|Chapter Title||Concluded. MOTHER AND DAUGHTER.|
|Newspaper Title||Evening Journal (Adelaide, SA : 1869 - 1912)|
|Trove Title||The House of White Shadows|
THE HOUSE OF WHITE
SHADOWS. BrRL. FAEJBON, Author ot " Blode-o'-Gny»," "Joshna MarT<\l,'i "ttread and ulieew and Kiaaee," " Uiif," 1 London's Heart," Ac.
f CHAPTER XV.—[Concluded), WOTH1B AND JMOUnTEB.
" I was much diaturbod by what »be said : my thought* took a strange direction, and I seamed to ace many things ia a new light. " ' You remember, Denise,' she said, presently, ' the letter my daughter gave you to Ijoat—the one to M. Gabriel»' " ' Ves, madame ; you took it from me on the road. I hope I did not do wrong.' "• You did right,' bhe Bald. 'It does not matter who poets a letter. You did not tell my daughter 1 took it from you ? "' No, madams." , . . . " ' You are faithful and judicious,' oho Mid, but her praise gave me no pleasure. ' If I had lived I would have reworded you. You must not repeat to my daughter or Mr. Balcombe what I have been saying to you. Promise me.' " I gave her the promise, and then she said that she would give me a message to deliver to her daughter—her last message; bnt she must think of it first, and if she forgot it I was to ask her for it a little while before she died. After that she was quiet, and spoke to no ono. A couple of hours passed, aud I asked the doc tore whether she had long to live. They said she could not live another hour. I then told them that she had asked me to remind her of a message she wished me to give to her daughter, ana whether it was right I should disturb her. Theyaaid that the wishes of the dying should be respected, and that I should try to make her understand that death was very near. I put my face again very close to hers. " ' Can you hear me V I asked. '* 'M ho are you ?' she said. Her words wore but a breath, and I could only understand them by watching the movements of her lips. " * I am Denise.' "' All, yes,' she replied. * Denise, that my daughter is fond of.' ' Y ou wished to give me a message to your daughter.' " ' I don't know what it was. I have done everything for the best, lieatrioe said I might IWc to repent it, but sec how wrong she was,' And presently she said, ' Denise, when my daughter comes home ask her to '^That is all she said ; she did not live tc see the sunrise. "Mr. and Mrs. IJalcombc arrived at the villa before Bhe was buried. It was a shock ing interruption to their honeymoon, and tlieir appcarance showed how much they suffered. It was as if the whole course of their lives bad been turned; tears took the place of smileH, sorrow of joy, and how different was the appearance of tne village. No feast inc. no music ami dancing ; everybody was Btnous and sad. And all within one short mouth. "I gave Mrs. lialcombe her mother': dying message. When Bhe heard the words such a smile cnine upon her lips as I hoped never again to see upon a human fa so bitterly scornful aud despairing. "'It is too late lor forgiveness,'she saiil, and not another word paaBed between us on the subject. " For many days after the funeral the house was very quiet. Mn. Balcombe did not wear mourning for her mother, nor did her husband wish her to do so. I remomber his Baying to her,' With some races white is the emblem of mourning; not for that reason, Beatrice, but because it so well becomes you, I like you best in white.' " "Now, as time went on, we all thought that the sadness which weighed upon Mrs. balcombe's heart, and whicn seemed to put lead into her feet, would naturally pass away, but weeks anil months elapsed, and she remained the Bame. There used to be a colour in her cheeks—it was all gone now ; her face was ob white as milk. Her eyes used to sparkle and brighten, bnt now there was never to be seen any gladness in them, and elie who used to smile so often now smiled no more. She moved about like ono who was walking slowly to her grave. Mr. Balcombe, niore than ever devoted to her, made groat efl'nrts to aiwiBe her, but she met him with coldness, and when he spoko to her she simply answered ' Yes,' or ' No.' Of her own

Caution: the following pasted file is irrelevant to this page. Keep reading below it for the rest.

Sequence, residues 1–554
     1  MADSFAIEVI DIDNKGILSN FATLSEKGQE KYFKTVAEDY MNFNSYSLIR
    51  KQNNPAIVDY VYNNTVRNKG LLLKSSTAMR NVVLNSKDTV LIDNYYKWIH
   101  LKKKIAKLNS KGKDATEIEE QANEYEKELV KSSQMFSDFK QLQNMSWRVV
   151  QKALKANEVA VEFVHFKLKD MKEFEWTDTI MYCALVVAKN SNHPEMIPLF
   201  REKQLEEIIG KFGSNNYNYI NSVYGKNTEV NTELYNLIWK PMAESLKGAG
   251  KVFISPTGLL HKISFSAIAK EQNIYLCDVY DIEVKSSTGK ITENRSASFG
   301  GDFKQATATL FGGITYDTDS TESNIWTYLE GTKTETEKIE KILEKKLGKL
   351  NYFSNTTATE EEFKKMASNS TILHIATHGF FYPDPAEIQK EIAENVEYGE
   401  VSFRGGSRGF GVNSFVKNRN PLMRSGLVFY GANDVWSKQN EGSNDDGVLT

lji'Oiui'Ung; she 1 addressed him, and Bhe aid iiothiuu whatuv h;ituver to make his liuinc chccrl ul and liajmy. ty. This weighed upon his spirits, a9 it would upon the spirits of any man, and during thosj times l often saw him gazing upon her from a distanco, when bile was waiting in the grounds, with a loolt in his lace which denoted how troubled he w;:s Then, as if some uo)d thought bad suddenly occurred to liim, ho would join her and endeavour to entice her into conversation ; but she answered him only when bIic was compelled,and he became so chilled by her manner that soon he would himself grow silent, 2nd they would pace the uantan round and round for an hour together in the most complete silence. It hurt one to see it. They were never heard to ipiarrcl, aud because the little they said to each other was said in a gentle way made things more oppressive. A storm now and then is natural and uood ; it clears the air, and tile sun always BUines >vhen it is over ; but here a silent storm was brooding which never burst, and the ouly signs of it wore seen in the sad faces of those who were euffciinc, and who did not deserve to suffer. But it could not last for over, and, though I trembled to think of it, I felt it would boa relief if something violent would occur. " Gradually his wife's strange conduct caused Mr. Balcombe to withdraw himself from her society, and he took refuge in his study ajaiu. There, as in times gone by, he lived; for ilsys and weeks, reading, writing, and walking up and down in deep thought. His wifo never intruded herself upon htm ; she never approached him. It was a long while before he entirely gave up his endeavours to win her back to cheerfulness and bappinesB ; but you cannot soften stone with kind words, and be could not melt her heart with them. "Imagine what the house was, Jmy lady, and how wc all felt, who loved our master, and would have loved our lady, too, if she lisd allowed us. Cold as she was to us, we could not help pitvirg her. For my own tiart, I used to think 1 would rather live iu a liutwith a quarrelsome husband who would beat and starve rue than lead such a life as tuy master and mistress were living. "Ouce more, after many, many months had passed in this dreadful way, my master suddenly resolved to make another attempt to alter things for the better, lfe locked up liis study, aud courted his wife witli the Iierscverancc and the love of a lover. It was really so, my lady. He gatlierod posies f jr her, and ploccd them on her deBk and dre=s Lap table ; lie spoUc cheerfully to her, taking no apparent nuti- c of lu-r silence and reserve ; be strove in a thousand little delicate ways X) Ill-ill^ pleasure into her life. 'Wo will ,-ide out to-dnv,' he would sav. ' Very well,' she would answer, lie would assist her into the saddle, and they would ride away, they two alone, ho animated by but one desire-to make her happy: and they would return after some hours, the master with an cxprov e.on of entering in Ins face wl.ieh he would strive in v.im to hide, and she, sad, resigned, and uncomplaining. But that silence of hers! That voice so seldom heard, aud, when heard, so gentle, and soft, and pathotic! i uould rather have been beaten witli an oak stick every day of my life than have been compelled to endure it, as he was compelled. For there was no relief orescapo for him except in the doing of what it was not in his nature to do—to lie downright cruel to her, aud to find another woman to love him. Ho would Lave hail no difficulty in this, had he been so minded, Still he did not relax his efforts to alter things for the better. He bought beautiful booU, ami dogs, and pet animals for her ; lie forgot nothing that ft man could possibly think of. Ho had often spoken to her of inviting friends to the villa, but she never encouraged him. Now, however, ho made up his mind without cousulting her, aud in a short time wc were again overrun with company. She was the mistress of the house, and it would have been sinful in her to have neglocted the duties as Mr. Balcombe's wife. It was chiefly young poodle w ho oamc to the villa, and among them ono day appeared M. Gabriel, tho artist who liamted that picture. A K ;1 C T FIR SAVED FROM TII ! PoouiIOUiE.—For yesrs Oiviil Aillns^wjlth.-uMe re.l witli rljcuiuHism, iti'l notwitlv:Ltii iing tlio lueil'cal flttiMidriiicc,coultl not Qnil telluf. Ho came to tile Scieu County I'm house, and had to be can ied into and '"('Ewd" account ol his helpless t . A/U-'r Uiu failure of all the reuiiHilcs*wiiicli ha.l been applied, the Hires. tors of the Poorhoi:*e re.^olVLil t>> use the culelirated Ofruiau idraeily, St. Jacoli's Oil. and this was a fortun.ito rc::Mnii'»n; f-r. with the trial o( one bottle, tlic patiatit alrr.iiiy ii.'.ter. and when f,)nr bottles Imd iiccn used up n biui lie could a^din walk at»;.i.t nitlmutthe uc.ni<>. Tliefacts.tu almre hUiIl-.I, «i 1 1 1'0 v,-i.!i^l l.y tile alitor of tile p, rtsninutli (Ohio) CVr.Hj.eiufcit. U.S.A. Sold by all chemists. til 1st J. M. Wrmlt, T t., has tlie l>lo Clocks Mhi.il for nualitv imlitv anil t Inli.,1 Mi.l pi in